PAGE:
Even largely removed from the Web, I watched Web 2.0 slowly emerge. If something caught on in my tiny village so far removed from civilization, it was going to take off. Strangely, I found that this made Galena a better barometer for the direction the Web would take than the words of supposed gurus in the Silicon Valley hype zone.
Village teenagers and other young adults went absolutely nuts for Friendster early on in the life of the pioneering social network, and of course MySpace followed, and even Facebook was talked about in 2004, before it was available to those beyond Ivy League schools. This kind of chatter was rarely heard at my own high school just seven years prior. The Web had completed the transition from the fringes of youth culture to becoming the bedrock of its mainstream foundation.
Slightly older transplants like myself were also hip to nascent social networks, and started to flock to early blogging platforms like Blogger and LiveJournal to chronicle our great Alaskan adventures. The emergence of Google as a superpower and its many successes in organizing the Web were also evident and undeniable as far away as the Yukon as it filed for its IPO in 2004.
Out of the wild
When I finally left Alaska in 2005, having successfully survived the ordeal and scored a brilliant wife in the process, there were more than 8 billion Web pages online, more than one for each person on the planet. Broadband had become much more commonplace, opening the door for the success of YouTube, Skype,
iTunes, and even wackier digital environments like Second Life.
This period may be the second dot-com boom that nobody noticed. Or they did, but didn’t want to say anything and jinx it all, given what happened last time. By 2006, Google had indexed more than 25 billion Web pages, or almost four for every person on Earth, along with 1.3 billion images, and the search engine was processing 400 million queries per day.
During the Web’s years in the virtual wilderness of sorts, and while I was living in the literal wild, the next-generation www was quietly being built and seemed to emerge all at once around that time. Digg and others helped introduce us to the power of sharing and viral content; Flickr and YouTube enabled a more visual Web worth sharing; and a crowdsourced free encyclopedia popularized the term “wiki” as it became the biggest reference source online, with more than 750,000 articles by 2005.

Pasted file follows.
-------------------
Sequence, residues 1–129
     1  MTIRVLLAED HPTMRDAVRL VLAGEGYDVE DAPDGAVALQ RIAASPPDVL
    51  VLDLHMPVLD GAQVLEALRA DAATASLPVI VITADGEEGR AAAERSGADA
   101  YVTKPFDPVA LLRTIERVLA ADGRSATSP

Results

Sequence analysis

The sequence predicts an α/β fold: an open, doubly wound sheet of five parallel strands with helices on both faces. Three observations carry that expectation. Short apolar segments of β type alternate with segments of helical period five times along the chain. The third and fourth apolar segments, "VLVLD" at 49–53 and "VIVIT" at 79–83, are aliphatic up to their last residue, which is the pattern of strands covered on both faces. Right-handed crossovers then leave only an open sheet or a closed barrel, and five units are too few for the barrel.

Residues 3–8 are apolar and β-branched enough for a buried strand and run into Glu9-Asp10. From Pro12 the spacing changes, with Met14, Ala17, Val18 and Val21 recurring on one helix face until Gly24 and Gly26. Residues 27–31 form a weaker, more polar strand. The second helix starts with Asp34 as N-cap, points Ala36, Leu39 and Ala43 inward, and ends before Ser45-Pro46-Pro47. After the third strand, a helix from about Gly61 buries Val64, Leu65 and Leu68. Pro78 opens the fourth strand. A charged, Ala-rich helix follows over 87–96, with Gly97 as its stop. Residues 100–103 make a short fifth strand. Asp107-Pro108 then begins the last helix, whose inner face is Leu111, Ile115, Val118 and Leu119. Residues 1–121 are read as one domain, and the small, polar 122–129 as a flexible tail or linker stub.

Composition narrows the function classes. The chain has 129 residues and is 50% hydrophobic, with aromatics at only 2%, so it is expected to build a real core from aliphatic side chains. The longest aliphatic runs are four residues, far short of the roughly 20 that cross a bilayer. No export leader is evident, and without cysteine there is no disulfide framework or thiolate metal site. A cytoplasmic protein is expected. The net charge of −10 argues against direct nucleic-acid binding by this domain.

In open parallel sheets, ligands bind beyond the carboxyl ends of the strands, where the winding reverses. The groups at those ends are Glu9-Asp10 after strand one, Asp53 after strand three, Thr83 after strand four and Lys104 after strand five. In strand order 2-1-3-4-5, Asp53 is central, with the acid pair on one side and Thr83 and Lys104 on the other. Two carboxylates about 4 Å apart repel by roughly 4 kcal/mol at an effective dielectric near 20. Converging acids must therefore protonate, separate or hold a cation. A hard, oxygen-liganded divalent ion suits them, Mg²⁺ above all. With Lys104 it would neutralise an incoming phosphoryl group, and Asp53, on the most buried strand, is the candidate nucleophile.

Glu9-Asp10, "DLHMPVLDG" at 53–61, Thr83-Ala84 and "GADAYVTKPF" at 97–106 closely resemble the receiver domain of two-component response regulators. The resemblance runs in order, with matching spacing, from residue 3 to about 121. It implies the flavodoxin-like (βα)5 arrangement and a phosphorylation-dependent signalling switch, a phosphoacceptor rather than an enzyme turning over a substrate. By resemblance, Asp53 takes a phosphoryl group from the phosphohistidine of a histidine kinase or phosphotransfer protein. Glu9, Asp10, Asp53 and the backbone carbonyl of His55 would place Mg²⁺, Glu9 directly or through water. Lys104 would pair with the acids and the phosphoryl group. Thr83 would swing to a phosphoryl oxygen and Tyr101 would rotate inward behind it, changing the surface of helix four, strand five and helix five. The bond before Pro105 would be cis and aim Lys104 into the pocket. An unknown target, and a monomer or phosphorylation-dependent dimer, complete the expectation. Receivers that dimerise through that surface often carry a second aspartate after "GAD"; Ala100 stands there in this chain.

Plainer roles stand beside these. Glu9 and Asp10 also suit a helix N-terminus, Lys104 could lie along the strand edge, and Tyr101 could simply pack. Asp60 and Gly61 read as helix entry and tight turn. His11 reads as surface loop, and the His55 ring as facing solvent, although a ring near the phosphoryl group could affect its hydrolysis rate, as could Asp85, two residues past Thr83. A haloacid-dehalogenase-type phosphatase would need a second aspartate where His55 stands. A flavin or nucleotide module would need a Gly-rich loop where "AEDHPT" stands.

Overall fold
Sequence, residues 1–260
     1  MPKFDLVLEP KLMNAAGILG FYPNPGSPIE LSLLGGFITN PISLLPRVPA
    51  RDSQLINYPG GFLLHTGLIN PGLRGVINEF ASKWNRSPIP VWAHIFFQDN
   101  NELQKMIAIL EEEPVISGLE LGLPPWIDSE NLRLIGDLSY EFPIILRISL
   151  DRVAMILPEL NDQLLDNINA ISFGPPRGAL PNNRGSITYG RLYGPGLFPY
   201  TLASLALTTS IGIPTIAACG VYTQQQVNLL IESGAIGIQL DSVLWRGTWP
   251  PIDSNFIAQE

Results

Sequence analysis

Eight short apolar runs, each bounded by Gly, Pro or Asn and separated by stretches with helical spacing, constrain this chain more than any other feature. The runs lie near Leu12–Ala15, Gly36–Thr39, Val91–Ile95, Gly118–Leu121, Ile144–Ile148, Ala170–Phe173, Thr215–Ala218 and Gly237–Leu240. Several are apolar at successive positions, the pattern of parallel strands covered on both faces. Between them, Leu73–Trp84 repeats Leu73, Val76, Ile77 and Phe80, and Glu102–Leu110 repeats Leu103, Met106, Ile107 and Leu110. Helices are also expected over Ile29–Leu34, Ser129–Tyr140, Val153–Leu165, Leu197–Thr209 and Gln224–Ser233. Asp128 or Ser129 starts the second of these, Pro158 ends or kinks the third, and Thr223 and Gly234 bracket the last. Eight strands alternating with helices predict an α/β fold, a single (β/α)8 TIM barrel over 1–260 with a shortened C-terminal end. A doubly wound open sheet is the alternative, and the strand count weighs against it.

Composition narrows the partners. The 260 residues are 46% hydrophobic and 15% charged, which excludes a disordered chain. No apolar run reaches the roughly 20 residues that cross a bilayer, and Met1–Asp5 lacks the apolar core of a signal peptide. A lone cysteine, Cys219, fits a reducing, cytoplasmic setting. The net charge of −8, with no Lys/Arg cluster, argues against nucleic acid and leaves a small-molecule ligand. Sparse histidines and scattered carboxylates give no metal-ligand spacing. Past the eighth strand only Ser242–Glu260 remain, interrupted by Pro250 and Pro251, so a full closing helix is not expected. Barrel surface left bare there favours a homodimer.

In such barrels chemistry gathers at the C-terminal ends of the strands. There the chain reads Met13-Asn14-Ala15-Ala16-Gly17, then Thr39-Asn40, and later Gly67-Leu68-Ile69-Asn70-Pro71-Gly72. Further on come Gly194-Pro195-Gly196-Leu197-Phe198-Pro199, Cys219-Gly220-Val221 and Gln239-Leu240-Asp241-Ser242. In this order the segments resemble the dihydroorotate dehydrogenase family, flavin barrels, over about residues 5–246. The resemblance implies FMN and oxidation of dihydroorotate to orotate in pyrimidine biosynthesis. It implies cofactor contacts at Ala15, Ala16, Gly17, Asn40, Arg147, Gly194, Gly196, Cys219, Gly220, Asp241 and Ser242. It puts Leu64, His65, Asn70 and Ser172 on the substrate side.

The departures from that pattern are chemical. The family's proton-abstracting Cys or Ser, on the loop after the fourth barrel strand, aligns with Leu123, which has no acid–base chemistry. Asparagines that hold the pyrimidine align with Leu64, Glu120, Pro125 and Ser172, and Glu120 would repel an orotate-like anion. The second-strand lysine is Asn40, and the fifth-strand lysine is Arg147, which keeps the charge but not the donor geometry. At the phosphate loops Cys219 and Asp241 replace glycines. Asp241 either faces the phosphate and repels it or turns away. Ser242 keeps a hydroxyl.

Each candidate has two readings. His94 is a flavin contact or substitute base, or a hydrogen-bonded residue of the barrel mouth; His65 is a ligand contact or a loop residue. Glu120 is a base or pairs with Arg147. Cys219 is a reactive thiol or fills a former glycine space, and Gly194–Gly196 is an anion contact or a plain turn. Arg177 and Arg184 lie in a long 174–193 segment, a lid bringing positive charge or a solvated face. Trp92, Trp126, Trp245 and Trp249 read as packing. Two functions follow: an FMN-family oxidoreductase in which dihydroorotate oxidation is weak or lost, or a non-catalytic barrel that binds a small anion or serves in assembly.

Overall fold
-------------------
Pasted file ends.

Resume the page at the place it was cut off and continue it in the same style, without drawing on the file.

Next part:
With this arrival of Web 2.0 came the maturing of Web culture, and the creation of a new generation of celebrities created, nurtured, and exploded by social media. (Where have you gone, Amanda Congdon?)
Before returning to the lower 48 to reconnect with the digital world and sun in the winter, I spent half a year in Asia and witnessed the other dimension of the reinvigorated Web that was soon to crash on these shores. In China, due to the high cost of cellular voice calls, everyone was texting, all the time. Like, even more than we do now. It was already all mobile, all the time over there, and it was easy to see why. Young middle-class Chinese breezed through their days, dashing off brief communiques 10 at a time to lay out and adjust the day’s agenda on the go.
Seeing this helped me to understand the success of Twitter that would soon follow in the United States, even as microblogging bewildered many people who simply could not understand the point of communicating in short bursts. Even then, before Facebook finally overtook MySpace, before the iPhone, it was clear that the world was becoming more social and more mobile.
Texting has been big in China for some time. Like, really big.
By 2006 I was married with a child and a mortgage on the way and settled back in the lower 48, although still far from the once-again-bustling San Francisco Bay Area. New Mexico still seems like a happy compromise between the total isolation of the Alaskan bush and the more crowded coastal tech hubs. Also, remember that pitch we heard back at the beginning of the Web about a future filled with telecommuting masses? Well, it turns out to be kind of awesome, especially for a new dad.
The Web and I came of age at the same time and had to be separated for a bit to get through our growing pains independently, but by 2007 we were both fully embracing our adulthood. The cool thing about coming into your own is that it allows you to focus on just creating and building amazing things. In the next and final installment of this series I’ll wrap it up with a look at today’s golden age of the fully grown Web.
CNET comments are currently down for maintenance, and should be back soon. In the meantime, please share your memories, and parts of early Web history I’ve missed, on Twitter at @crave and @ericcmack.